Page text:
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Yellow pecan aphidOn this page: Identification & Distribution Biology & Ecology Life cycle Natural enemies Other aphids on the same host Damage & Control
Identification & Distribution
All adult viviparae of Monelliopsis pecanis are alate. These alatae (see first picture below) are yellow with reddish eyes, and have the dorsum either unmarked or with a few dark spots. The antennae are pale apart from the apical parts of segments and the section of antennal segment III bearing secondary rhinaria which are dark (cf. Monelliopsis bisetosa, which has the antennae mainly dark except at the bases of segments). The rhinaria-bearing section of antennal segment III is only slightly swollen: up to 1.5 times the basal diameter of the segment (cf. Monellia caryella, which has the rhinaria-bearing section conspicuously swollen: it is more than 1.5 times the basal diameter of the segment). The subcoxa (= coxa base) of the hind leg has no transverse mark (cf. Monelliopsis bisselli, whose subcoxa of hind leg usually has a dark transverse streak). The distal ends of the hind-femora (and to a lesser extent the fore-femora) are marked with conspicuous black patches. The tibiae are mainly pale (cf. Monelliopsis bisetosa, which has dark tibiae).
Note: Monelliopsis pecanis was first named and described by Bisell (1983). It was previously confused with the similar Monelliopsis nigropunctata which is now known to seldom occur on Carya illinoiensis, and not at all on Carya aquatica. See also Quednau (2003).
The alatae of Monelliopsis pecanis usually have 2-5 spinopleural hairs on each of abdominal tergites I-V in spring, and 4-6 spinopleural hairs on each segment in midsummer; in summer a few of the hairs may have dark bases, especially on tergite V (cf. Monelliopsis nigropunctata, which has 4-6 spinopleural hairs on each of abdominal tergites I-V in spring, and 5-8 spinopleural hairs on each segment in midsummer; most hairs have dark bases, so Monelliopsis nigropunctata usually has more dark spots per segment than Monelliopsis pecanis). The spinopleural hairs on abdominal tergites I-V are often hardly raised above the surface, especially those on tergites I & II (cf. Monelliopsis pleurialis, in eastern North America, which has the spinopleural hairs on tergites I & II arising from low processes). The body length of the adult Monelliopsis pecanis alate is 1.2-1.7 mm.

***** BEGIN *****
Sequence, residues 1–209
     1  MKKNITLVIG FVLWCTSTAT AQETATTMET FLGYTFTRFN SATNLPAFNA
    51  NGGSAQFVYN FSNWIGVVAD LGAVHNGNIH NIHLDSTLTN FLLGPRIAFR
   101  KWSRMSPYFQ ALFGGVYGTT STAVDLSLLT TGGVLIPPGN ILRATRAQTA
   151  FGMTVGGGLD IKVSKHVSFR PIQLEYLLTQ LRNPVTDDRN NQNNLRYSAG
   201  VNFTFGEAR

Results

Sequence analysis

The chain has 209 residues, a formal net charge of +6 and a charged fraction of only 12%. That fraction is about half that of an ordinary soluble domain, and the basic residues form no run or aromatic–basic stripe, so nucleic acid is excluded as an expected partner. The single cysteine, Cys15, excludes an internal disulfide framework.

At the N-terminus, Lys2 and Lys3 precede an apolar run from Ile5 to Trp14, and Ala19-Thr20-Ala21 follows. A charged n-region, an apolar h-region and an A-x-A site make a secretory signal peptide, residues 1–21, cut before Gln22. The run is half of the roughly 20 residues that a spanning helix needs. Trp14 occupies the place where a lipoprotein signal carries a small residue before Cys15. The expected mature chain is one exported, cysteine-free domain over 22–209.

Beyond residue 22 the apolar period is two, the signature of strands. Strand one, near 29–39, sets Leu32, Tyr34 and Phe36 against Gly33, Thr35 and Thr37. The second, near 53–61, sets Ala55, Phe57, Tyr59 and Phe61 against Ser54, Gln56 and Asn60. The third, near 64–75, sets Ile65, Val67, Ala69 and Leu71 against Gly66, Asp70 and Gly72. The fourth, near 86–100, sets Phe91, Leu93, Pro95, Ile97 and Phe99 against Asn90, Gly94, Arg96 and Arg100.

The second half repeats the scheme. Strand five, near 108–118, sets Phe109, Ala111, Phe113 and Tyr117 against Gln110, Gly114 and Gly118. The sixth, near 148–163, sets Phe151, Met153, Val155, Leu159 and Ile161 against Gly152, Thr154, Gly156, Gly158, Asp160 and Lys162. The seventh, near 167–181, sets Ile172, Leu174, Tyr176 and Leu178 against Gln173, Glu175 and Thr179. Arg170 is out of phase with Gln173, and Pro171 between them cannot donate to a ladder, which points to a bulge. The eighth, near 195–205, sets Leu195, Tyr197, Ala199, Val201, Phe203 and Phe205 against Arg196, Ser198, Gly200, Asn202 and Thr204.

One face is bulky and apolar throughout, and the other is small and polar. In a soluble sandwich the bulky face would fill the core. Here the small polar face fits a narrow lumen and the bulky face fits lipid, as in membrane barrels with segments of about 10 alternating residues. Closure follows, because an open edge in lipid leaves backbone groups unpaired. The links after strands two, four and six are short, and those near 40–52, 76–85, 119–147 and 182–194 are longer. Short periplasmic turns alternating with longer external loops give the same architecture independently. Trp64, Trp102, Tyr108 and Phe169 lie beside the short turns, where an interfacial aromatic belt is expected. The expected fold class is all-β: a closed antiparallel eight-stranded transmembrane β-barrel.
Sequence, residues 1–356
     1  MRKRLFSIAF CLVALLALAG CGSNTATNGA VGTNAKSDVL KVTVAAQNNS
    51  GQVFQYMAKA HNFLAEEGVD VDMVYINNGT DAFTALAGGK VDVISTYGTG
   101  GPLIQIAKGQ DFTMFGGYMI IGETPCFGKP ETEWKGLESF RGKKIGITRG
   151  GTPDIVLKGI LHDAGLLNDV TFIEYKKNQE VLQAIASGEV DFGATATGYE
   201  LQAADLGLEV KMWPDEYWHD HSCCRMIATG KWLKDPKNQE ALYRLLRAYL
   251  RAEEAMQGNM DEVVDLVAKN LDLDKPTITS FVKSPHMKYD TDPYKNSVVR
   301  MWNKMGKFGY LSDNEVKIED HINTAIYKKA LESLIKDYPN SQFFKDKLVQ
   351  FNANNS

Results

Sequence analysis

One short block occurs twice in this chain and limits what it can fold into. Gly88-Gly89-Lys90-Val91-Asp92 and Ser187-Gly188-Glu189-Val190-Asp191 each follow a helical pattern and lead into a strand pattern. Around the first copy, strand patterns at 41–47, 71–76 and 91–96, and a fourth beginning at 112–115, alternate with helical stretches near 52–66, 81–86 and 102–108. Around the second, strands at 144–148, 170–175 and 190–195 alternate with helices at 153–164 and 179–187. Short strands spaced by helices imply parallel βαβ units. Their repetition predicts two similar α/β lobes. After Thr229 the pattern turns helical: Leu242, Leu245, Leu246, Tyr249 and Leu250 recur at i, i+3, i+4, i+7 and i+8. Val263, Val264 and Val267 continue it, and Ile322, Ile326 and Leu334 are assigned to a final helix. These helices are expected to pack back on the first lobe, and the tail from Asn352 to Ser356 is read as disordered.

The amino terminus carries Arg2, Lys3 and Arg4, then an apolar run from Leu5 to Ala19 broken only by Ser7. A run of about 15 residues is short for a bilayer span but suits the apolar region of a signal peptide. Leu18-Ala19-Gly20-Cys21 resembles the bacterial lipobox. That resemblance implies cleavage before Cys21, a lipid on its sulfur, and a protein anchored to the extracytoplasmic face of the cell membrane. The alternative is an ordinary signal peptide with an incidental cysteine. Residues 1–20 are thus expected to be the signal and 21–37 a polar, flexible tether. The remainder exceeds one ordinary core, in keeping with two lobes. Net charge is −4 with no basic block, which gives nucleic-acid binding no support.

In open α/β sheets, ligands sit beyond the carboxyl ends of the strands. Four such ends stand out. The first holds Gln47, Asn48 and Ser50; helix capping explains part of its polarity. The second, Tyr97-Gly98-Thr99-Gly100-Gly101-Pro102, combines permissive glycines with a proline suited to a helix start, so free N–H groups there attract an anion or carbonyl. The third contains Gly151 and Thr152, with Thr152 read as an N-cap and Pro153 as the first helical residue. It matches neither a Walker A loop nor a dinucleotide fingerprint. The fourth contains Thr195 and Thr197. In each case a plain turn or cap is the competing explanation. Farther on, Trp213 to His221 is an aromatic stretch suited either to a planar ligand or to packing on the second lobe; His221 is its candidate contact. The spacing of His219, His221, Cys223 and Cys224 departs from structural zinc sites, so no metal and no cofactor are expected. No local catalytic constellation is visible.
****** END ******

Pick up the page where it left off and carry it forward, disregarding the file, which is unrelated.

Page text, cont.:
Immature Monelliopsis pecanis (see second picture above) are pale yellow-green and have long capitate hairs.
Image above copyright H.C. Ellis, University of Georgia, Bugwood.org under a Creative Commons Attribution 3.0 License.
The yellow pecan aphid lives and feeds on the leaves of pecan (Carya illinoiensis, see picture above) and bitter pecan (Carya aquatica), and does not host alternate. Populations are concentrated along the main leaf veins. Sexual forms develop in autumn, and the oviparae deposit overwintering eggs in bark crevices of pecan. Monelliopsis pecanis is indigenous to USA and Mexico, but has been introduced to Egypt, Sicily and South Africa.
Biology & Ecology
Entoweb of Oklahoma State University provide information on the life cycle of Monelliopsis pecanis. This species overwinters as eggs deposited in bark crevices along the trunk and limbs. Nymphs hatch in April, move to the new spring foliage, and begin to feed. The nymphs mature in about a week and become fundatrices, which produce large numbers of young asexually. These in turn produce many generations (15 to 30) of alate viviparous females each year (see picture below of alate vivipara giving birth to nymphs).
Image above copyright Domingo Zungri under a Creative Commons Attribution 3.0 License.
Beginning in September, wingless oviparae (see picture below) and winged males develop from some of the nymphs produced.
Image above copyright Louis Tedders under a Creative Commons Attribution 3.0 License.
Edelson & Estes (1987) carried out a survey of the seasonal abundance and distribution of predators and parasitoids associated with Monelliopsis pecanis and Monellia caryae in Georgia State, USA. The most abundant predators amongst the lacewings Chrysopa rufilabris, Chrysopa quadripunctata (see picture below), Micromus posticus and Coniopteryx simplicior.
Image above copyright Robert Webster under a Creative Commons 4.0 International Licence.
Amongst the coccinellids, the commonest were Olla abdominalis, Coleomegilla maculata, Hippodamia convergens, and Allograpta oblique. One parasitoid species, Aphelinus perpallidus, and one hyperparasitoid, Alloxysta schlingeri, were identified from aphid mummies. Predators were most abundant at times of greatest aphid abundances.
van den Berg & Maritz (1996) surveyed the predators of the non-native Monelliopsis pecanis in the eastern parts of South Africa. The coccinellids Cheilomenes propinqua and Scymnus ? morelleti were the most important predators of the yellow pecan aphid. Although these predators reduced yellow pecan aphid numbers, they were unable to maintain populations of the aphid at economically acceptable levels. The introduction of other natural enemies, especially host-specific parasitoids, was recommended.
Avila-Rodriguez et al. (2016) looked at the population dynamics and parasitism of Monellia caryella, Monelliopsis pecanis and Melanocallis caryaefoliae in pecan orchards with different insect pest management programs in northern Mexico. Monellia caryella and Monelliopsis pecanis showed two periods of peak population in May-June and September. Melanocallis caryaefoliae showed only one population peak in September. The lowest populations of aphids occurred in the pecan orchard with organic management. Parasitism was zero in Monelliopsis pecanis, very low in Monellia caryella (0.3%) and greater in Melanocallis caryaefolia (25.9%). The highest level of parasitism was in the pecan orchard with a conventional management program. Aphid parasitoids and hyperparasitoids belonged to the Aphelinidae, Eulophidae, Encyrtidae, Torymidae and Braconidae families.